regulations be calculated with reference to length of service and weekly wage
only. Service under the age of 18, which is currently excluded, will be
During the consultation period, views are being sought on whether there
should be an upper age limit for entitlement to a redundancy payment and, if
so, whether this should be the default age of 70, or any normal retirement age
set (and justified) by an employer.
Under the proposals, retirement will become a potentially fair reason for
dismissal. Accordingly, an employee aged 65 or over will be able to claim for
The employer will then be called upon to demonstrate that it acted
reasonably in dismissing the worker for this reason.
When awarding compensation in all claims of unfair dismissal, for whatever
reason, the basic award will be calculated in the same way as the revised
statutory redundancy payment (see above).
Recruitment, selection and promotion
Age discrimination in recruitment, selection and promotion will become
unlawful, unless it can be justified by the employer (see box, left). This does
not automatically allow employers to argue, for example, that they need to
recruit candidates of at least X years of age because a minimum of Y years’
worth of management experience is required for the position. Rather, employers
must be able to justify why that particular post requires a person with that
amount of experience.
Where a lengthy period of training is required for a position, an employer
may be justified in seeking only candidates under a certain age, so it has the
opportunity to obtain the benefit of the training.
The Government has indicated that it "expects decisions on selection,
recruitment, promotion, training needs, etc to be based on merit and
competence, not because a person has reached an arbitrary chronological
An employer may also seek to argue that there is a genuine occupational
requirement (GOR) for a worker in a particular position to be of a certain age.
The consultation document confirms the positions for which this argument will
be accepted will be extremely limited, and the onus will be on the employer to
demonstrate the GOR.
Pay and benefits
Any other pay or non-pay benefits attached to employment which are linked to
age or length of service will require justification. An employer may be able to
justify why a bonus is linked to the length of service of an employee. It will
be more difficult to justify a person’s age being a factor in this.
What will not be affected?
The Government has expressly stated that the following will not be affected
by the new rules on age discrimination:
– State benefits and similar schemes, such as job grants and tax credits
– The different rates for workers under/over 22 years old, contained in the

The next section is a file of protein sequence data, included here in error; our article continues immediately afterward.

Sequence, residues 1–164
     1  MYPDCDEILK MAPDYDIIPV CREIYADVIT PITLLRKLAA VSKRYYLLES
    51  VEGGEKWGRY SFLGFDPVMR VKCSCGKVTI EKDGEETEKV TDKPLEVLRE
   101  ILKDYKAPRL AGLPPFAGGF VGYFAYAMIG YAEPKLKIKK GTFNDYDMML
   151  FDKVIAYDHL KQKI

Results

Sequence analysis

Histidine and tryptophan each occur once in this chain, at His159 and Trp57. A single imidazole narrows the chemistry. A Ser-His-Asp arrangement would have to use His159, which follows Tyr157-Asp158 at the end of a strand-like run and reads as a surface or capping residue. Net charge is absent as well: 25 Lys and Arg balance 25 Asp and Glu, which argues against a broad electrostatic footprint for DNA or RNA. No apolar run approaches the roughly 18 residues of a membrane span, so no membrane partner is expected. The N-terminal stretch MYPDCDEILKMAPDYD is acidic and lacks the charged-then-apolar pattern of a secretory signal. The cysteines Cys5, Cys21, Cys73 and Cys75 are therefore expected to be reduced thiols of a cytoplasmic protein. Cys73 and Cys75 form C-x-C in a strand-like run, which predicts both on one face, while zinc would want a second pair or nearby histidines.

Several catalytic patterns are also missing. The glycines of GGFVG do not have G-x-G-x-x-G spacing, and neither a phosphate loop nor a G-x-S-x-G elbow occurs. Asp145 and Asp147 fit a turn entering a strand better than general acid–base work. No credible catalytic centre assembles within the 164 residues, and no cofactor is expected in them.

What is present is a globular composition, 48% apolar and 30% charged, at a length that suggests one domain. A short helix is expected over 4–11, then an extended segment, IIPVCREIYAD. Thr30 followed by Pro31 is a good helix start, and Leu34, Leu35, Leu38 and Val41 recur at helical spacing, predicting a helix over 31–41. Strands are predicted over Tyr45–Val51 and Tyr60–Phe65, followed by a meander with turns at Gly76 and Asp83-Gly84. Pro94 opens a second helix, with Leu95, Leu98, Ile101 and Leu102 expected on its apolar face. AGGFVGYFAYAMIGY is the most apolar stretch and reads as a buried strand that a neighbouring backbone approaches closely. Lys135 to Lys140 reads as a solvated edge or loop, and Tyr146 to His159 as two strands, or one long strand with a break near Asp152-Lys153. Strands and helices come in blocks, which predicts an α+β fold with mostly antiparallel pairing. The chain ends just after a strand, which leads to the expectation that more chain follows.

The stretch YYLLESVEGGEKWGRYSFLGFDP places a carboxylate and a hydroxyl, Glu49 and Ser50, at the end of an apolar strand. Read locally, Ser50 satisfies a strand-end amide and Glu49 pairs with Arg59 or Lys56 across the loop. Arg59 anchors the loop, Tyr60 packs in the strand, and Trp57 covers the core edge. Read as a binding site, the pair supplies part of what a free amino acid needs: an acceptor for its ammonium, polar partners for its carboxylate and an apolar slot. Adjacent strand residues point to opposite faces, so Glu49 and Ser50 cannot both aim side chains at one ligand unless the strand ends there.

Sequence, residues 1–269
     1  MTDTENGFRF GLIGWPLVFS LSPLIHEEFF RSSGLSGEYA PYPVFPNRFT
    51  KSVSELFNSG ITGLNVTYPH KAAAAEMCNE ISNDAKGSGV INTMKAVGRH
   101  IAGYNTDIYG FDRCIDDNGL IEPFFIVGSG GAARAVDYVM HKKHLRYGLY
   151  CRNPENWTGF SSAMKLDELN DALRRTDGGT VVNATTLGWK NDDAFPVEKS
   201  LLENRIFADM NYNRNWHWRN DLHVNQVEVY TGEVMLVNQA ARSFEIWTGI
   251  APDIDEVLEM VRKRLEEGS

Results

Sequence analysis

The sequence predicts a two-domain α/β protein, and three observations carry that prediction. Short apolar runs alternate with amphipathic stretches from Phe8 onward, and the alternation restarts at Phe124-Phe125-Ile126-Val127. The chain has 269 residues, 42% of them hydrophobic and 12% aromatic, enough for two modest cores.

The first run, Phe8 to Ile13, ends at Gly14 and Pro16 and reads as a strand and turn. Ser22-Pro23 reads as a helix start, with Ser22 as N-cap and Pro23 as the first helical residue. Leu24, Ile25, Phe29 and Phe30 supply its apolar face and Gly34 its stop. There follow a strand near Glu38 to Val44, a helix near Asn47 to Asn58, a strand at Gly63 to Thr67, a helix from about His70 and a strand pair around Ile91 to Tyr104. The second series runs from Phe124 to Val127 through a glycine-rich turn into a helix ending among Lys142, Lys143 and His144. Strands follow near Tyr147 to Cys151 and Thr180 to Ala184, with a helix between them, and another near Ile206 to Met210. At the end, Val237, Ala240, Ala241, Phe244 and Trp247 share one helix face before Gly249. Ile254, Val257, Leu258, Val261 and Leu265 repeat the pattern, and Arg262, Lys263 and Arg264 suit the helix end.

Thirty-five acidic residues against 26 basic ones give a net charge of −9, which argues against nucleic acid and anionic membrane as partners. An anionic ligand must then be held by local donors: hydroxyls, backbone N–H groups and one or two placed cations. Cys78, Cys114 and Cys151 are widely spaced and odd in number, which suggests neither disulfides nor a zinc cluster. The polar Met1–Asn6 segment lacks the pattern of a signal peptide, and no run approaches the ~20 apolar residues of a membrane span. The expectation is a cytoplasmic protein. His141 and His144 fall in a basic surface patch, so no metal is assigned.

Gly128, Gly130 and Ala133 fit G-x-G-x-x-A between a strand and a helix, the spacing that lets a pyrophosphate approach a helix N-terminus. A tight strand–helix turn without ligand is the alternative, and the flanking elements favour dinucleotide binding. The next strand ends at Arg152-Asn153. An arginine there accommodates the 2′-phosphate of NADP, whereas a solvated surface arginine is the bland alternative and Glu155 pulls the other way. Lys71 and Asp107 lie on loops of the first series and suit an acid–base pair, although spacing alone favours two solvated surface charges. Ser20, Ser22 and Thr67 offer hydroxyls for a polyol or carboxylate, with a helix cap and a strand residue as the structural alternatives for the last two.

National Minimum Wage Act 1998
– The particular rules for young staff contained in the Working Time
– The minimum age for admission to occupational/state pensions.
The regulations will be enforced by way of a claim to the employment
tribunal when dealing with discrimination against a worker, and by way of a
claim to the county/sheriff court in relation to discrimination against a
Given the expansion of the grounds on which a person can be discriminated
against (discrimination on the grounds of sexual orientation and religion and
belief becoming unlawful from December 2003), the Government is again mooting
the idea of having one regulatory body. This would integrate the existing
regulatory functions, carried out by the CRE, EOC and DRC, and also have
responsibility for enforcing the new discrimination legislation.
This proposal certainly has merit, especially in light of the recent moves to
streamline the definitions within discrimination legislation.
As with other discrimination legislation, it is likely that there will be
provision for questionnaires to be served by parties who consider they have
been discriminated against. These will probably include the new eight-week time
limit for responding. Failure to reply to the questionnaire within this time
limit, or responding in an ambiguous or equivocal manner, could lead to an
adverse inference of discrimination being drawn by the tribunal.
Melanie Kerr is an employment partner at Harper Macleod
If an employer intends to treat
people differently on the grounds of age, it must be able to justify doing so
by reference to specific aims, and only if it is appropriate and necessary in
the particular circumstances. The onus will be on the employer to produce
supporting evidence; merely asserting that this was the reason will not be
The specific aims likely to be stated in the regulations are:
– Health, welfare and safety, ie the protection of young workers
– Facilitation of employment planning, for example a business
with a number of people approaching retirement at the same time
– Training requirements of the post in question. The example
given in the consultation document is of four air traffic controllers who
undertake 18 months’ theoretical and practical training, followed by further
training when in the workplace
– Encouraging and rewarding loyalty
– The need for a reasonable period of employment before
Consultation on the scope of these
regulations will continue until October 2003. Further consultation on the draft
regulations will take place next year, before the draft regulations are laid
before Parliament at the end of the 2004, well before they come into force on 1